What is Your Transformation Engine?

“In the future, the real core competence of companies will be the ability to continuously and creatively destroy and remake themselves to meet customer demands.”

Noel Tichy, Author of The Leadership Engine

Animation of a radial engine.

The concept of re-inventing ourselves is not new. There are countless examples of this mantra in history (think about the U.S.S.R, Germany, or China) and our contemporary culture (think of the TV show The Biggest Loser or the movie The Pursuit of Happyness). The concept rarely lacks lustre. The real challenge surrounds your willingness and ability to reinvent  yourself. How do you reinvent yourself? Your team? Your company? Your community?

From a transformation perspective, the challenge is to create an engine that will drive your change agenda to produce your desired results. To make this happen, a couple of key questions should to be answered to set you off in the right direction, including but not limited to:

  • Do you know where you are going? What are your desired financial results? What are your desired non-financial results? How do these two sets of results relate to each other?
  • How will you drive the transformation? Who serves as the gas pedal? Who serves as the brakes? How do you minimize stepping on the gas and the brake simultaneously?
  • Who are the brains of your transformation? Do you have enough? Do you have the right ones? Are they performing to your needs?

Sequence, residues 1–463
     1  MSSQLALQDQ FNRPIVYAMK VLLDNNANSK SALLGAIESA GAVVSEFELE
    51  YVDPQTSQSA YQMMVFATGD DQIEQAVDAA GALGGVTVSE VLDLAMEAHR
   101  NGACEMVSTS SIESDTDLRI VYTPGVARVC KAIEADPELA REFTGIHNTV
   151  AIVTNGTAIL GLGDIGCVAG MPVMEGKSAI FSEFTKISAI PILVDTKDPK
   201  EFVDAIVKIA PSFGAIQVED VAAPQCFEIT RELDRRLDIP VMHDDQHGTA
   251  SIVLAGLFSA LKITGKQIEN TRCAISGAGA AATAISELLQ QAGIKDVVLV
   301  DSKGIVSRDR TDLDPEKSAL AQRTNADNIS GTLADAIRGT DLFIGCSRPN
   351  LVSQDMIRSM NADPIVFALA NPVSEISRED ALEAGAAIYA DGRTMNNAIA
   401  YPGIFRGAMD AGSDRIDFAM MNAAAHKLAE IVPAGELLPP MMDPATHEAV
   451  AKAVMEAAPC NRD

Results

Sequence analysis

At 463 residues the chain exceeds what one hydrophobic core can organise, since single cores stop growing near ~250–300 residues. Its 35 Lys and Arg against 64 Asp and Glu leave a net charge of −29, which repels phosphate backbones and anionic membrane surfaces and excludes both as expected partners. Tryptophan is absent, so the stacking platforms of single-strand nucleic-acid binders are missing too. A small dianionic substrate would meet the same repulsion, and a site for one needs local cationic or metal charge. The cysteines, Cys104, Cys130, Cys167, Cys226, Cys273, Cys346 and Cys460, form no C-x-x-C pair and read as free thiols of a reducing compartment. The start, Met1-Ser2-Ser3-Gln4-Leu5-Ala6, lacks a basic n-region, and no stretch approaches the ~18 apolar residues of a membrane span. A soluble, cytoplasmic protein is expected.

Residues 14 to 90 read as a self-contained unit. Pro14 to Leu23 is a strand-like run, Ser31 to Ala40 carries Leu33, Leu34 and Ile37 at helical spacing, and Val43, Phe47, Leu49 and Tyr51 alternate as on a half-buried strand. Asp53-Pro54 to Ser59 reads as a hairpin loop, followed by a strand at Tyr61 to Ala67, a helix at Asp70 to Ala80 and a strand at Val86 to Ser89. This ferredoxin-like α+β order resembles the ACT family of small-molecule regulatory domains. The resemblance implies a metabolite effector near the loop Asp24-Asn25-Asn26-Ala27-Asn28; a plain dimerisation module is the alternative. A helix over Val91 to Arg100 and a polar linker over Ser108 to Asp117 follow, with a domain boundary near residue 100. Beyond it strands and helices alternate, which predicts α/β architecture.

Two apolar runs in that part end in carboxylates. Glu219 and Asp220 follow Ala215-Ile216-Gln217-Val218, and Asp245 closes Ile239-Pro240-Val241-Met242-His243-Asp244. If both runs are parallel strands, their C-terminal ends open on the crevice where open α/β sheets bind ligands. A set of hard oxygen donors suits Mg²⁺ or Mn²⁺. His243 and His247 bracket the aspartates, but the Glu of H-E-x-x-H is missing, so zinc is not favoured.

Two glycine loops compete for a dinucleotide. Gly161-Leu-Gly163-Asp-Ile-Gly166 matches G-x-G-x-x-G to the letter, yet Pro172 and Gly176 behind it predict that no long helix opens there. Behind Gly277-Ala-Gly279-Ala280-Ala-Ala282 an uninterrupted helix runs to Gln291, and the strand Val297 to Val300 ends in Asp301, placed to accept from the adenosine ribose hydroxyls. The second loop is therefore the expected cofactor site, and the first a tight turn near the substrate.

• Where is the heart of your change agenda? Is your team engaged? Have you won the hearts and minds of the team?
  • Would you describe your transformation engine as “command, control, & authority”, “collaborative innovation”, or “priority driven teamwork”?
  • Are you unleashing the professional, personal, and emotional capacity of the team to maximize your opportunity for success? If not, why not? What can you do differently to make this happen?
  • As with any engine, what is  your fuel? Are you maintaining your engine? Is it working in concert with the other moving parts or are they out of sync components?

Behind every result, good or bad, there are a series of events. And behind those events are people making decisions, or not, that impact the future. If you know your desired results, you are one step ahead of most. With the benefit of understanding the desired results, your challenge is to identify the transformation engine and associated capabilities that will propel you to deliver your desired financial and non-financial results.

Organizational Capability for Transformation

Navy File Photo - President of the U.S. Naval ...
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“You must never confuse faith that you will prevail in the end with the discipline to confront the most brutal facts of your current reality, whatever they might be.” – Admiral John Stockdale, USN.

How do you align the business with IT? How do you confront the reality of a business strategy when it represents a threat to the status quo? How do you align that direction with a portfolio of projects that incrementally deliver on the desired change? In order to transformation a business, company, division, or team, you need to assemble many disciplines and techniques including but not limited to: business strategy, enterprise architecture, project management, personal development, communication, and training.